I don’t consider myself a panicker. In fact, I sway the other way in that after the first few moments of alarm, I become (some would say eerily) calm. In the past couple days with the CDC preparing communities to respond to a possible spread of Covid-19 in communities, I receive multiple alerts daily how my kids’ schools and communities are preparing themselves. The stock market is in correction territory, airlines no longer fly to parts of the globe. . . the world changed in a couple short months.
Scientists are giving us the math: 80,0000 cases in 40 countries which makes it 0.0001% of the world population, not hugely significant if you think about seasonal outbreaks of influenza that prompts 3 to 5 million people seek treatment. Tell that to a mom however and it doesn’t register as she kicks into Mama-Bear mode and every instinct to protect her family fuels her to take action.
Our brains are wired with Negative Bias which basically means a negative incident will impact us emotionally much more than positive incident of the same magnitude. This helped us stay alive back in the day when predators and other dangers lurked on a regular basis. Once a potential danger gets in our mommy brains, our instinct is to be vigilant and protective, it’s what makes us who we are. Chicken pox, measles, the regular flu; for thousands of years our mom brains have kicked into high gear, and with superhero strength forgoing sleep and meals, we have nursed our families back to health.
However, this latest development invokes more fear in people than usual especially considering the big unknowns regarding transmission, community spread and just when, where and how long we need to stay hyper vigilant. It’s difficult not to get caught up in the moment. Telling an upset or angry person to “calm down” usually will have the opposite effect.
What are we doing at Verima? In an abundance of caution, we have given our team the option to work from home and we have limited travel. Thankfully, because all of our production, CBD, packaging and business partners are all here in the States, we have not seen too much interruption in our day to day operations.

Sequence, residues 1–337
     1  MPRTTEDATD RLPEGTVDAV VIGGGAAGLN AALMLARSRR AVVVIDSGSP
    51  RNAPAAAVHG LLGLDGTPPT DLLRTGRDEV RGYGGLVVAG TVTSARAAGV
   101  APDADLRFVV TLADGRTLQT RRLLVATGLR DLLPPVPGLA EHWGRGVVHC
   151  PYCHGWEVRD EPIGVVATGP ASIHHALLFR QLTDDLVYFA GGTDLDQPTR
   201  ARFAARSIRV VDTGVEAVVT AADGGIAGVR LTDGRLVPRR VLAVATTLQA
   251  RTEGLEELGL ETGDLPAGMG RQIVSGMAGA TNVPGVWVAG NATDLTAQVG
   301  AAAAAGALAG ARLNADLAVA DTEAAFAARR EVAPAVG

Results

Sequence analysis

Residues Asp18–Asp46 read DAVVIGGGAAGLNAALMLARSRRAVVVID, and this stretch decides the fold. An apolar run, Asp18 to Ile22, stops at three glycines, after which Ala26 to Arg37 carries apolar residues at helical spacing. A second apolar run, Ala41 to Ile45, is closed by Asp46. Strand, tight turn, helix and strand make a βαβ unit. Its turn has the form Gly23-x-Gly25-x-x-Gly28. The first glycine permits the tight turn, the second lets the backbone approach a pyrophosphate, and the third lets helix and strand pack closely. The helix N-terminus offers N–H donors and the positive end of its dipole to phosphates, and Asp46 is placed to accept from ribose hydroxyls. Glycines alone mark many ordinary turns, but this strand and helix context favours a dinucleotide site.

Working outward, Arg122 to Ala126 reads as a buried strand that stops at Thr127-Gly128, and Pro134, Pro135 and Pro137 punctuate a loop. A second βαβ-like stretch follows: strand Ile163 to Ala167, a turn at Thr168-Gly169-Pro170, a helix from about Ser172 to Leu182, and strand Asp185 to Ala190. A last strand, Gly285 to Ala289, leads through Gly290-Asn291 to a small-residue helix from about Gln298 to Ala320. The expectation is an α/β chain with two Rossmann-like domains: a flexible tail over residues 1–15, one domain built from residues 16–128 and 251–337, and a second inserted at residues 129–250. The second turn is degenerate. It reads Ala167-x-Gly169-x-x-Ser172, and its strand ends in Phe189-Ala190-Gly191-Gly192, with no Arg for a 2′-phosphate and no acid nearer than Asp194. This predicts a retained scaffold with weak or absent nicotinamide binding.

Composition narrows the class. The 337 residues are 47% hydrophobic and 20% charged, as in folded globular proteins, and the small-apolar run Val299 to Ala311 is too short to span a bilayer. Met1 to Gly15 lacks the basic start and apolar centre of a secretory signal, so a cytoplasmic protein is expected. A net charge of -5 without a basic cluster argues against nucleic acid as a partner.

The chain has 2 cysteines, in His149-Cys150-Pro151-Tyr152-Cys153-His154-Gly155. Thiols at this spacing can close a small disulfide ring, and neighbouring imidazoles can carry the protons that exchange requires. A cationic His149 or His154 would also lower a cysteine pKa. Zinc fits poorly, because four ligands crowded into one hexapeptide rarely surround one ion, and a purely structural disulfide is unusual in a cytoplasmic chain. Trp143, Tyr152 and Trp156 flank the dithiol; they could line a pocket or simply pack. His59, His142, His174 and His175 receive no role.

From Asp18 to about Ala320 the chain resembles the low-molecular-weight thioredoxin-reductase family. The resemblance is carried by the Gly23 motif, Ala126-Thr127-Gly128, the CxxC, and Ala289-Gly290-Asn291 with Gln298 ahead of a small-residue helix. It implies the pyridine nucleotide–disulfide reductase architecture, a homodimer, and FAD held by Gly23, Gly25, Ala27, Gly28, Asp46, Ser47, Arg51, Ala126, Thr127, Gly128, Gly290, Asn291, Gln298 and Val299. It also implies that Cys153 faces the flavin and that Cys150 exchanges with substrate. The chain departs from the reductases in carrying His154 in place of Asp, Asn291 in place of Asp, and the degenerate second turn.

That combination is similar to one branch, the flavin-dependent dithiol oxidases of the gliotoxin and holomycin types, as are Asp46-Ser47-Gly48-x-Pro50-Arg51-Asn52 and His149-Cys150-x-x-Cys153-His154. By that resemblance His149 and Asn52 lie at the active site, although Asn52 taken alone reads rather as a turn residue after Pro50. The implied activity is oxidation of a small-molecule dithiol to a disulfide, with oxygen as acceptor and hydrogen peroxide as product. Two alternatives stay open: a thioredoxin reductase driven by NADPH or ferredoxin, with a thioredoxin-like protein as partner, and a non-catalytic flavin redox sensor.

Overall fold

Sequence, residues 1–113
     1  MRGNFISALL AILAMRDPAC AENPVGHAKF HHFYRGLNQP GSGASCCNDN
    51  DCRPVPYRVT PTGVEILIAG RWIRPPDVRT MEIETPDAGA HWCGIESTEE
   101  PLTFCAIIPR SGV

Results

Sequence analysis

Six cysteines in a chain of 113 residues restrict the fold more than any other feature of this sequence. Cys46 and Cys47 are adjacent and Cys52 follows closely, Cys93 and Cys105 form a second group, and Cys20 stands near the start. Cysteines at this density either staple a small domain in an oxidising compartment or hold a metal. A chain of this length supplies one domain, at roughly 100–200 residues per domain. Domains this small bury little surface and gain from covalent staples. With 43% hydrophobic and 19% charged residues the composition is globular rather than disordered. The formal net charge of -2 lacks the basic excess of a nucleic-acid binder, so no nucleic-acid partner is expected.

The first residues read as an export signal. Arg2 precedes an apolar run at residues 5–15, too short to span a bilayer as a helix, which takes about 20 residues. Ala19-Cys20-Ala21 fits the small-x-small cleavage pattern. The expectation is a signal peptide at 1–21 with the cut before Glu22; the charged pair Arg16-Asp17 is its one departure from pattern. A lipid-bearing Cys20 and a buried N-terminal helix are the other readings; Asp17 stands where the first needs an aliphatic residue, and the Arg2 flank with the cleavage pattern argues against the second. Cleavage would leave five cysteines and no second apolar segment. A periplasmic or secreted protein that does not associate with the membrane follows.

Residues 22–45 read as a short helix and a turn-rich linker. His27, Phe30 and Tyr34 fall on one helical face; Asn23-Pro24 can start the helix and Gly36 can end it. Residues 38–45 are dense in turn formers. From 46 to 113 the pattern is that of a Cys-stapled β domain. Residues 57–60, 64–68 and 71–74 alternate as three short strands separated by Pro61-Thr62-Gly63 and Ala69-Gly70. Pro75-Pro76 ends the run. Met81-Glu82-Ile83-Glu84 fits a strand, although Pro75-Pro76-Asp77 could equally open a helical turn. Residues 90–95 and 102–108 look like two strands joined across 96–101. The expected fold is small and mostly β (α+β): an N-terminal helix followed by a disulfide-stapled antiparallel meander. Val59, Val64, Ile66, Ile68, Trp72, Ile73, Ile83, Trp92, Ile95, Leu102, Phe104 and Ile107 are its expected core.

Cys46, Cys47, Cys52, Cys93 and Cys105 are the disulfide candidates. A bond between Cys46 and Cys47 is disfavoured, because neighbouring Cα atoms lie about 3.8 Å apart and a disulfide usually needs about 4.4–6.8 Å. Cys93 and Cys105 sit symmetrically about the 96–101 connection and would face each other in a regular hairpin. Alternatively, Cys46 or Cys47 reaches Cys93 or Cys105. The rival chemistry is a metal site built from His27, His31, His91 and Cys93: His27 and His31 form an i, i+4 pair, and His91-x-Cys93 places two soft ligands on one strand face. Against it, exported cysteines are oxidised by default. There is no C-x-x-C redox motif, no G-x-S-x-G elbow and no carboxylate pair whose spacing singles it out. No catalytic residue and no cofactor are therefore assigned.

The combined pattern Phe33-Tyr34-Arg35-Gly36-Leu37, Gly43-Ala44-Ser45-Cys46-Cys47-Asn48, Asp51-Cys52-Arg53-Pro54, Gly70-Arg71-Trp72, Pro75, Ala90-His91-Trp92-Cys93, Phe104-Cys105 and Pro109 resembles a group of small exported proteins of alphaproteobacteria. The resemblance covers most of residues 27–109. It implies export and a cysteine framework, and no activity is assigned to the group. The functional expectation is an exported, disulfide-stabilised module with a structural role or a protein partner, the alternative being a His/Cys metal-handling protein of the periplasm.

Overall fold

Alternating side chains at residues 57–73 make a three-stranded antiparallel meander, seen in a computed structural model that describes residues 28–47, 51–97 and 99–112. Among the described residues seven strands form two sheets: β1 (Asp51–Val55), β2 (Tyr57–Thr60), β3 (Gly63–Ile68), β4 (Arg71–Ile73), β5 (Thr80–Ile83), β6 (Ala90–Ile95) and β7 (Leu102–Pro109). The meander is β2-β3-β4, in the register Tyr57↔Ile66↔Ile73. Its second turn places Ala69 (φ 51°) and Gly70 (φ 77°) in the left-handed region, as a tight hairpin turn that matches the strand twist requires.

On the home-front, admittedly I did replenish our pantry with a few essentials but getting out of the Costco parking lot made we wish we had more storage in our basement. Unsurprisingly, our local Costco ran out of hand sanitizer, water and toilet paper.
Mentally, I’ve tried in my life to observe my thoughts and not just automatically react to them. Turning on the news where the majority of stories (understandably) report on danger, causes an uptick in anxiety. So, instead I opt to check in directly with the CDC and WHO websites for updates and information.
Our minds can get pretty creative very quickly, expanding on our fears, so I try to balance that with gratitude. I remind myself that I am blessed to live in sanitary conditions and have world class health care in my city. I am thankful that even the act of going to Costco and *stocking up* is an option for my family.
I am grateful for the technology that makes the access to vital information appear wherever I go. I am thankful that our friends, schools and neighbors, calmly waiting for updates, have chosen to band together and face this newest hurdle with compassion, level headedness and preparation. So for now, my kids will continue to go to school, ballet, gymnastics and taekwondo and we will face whatever may come together. Stay safe my friends.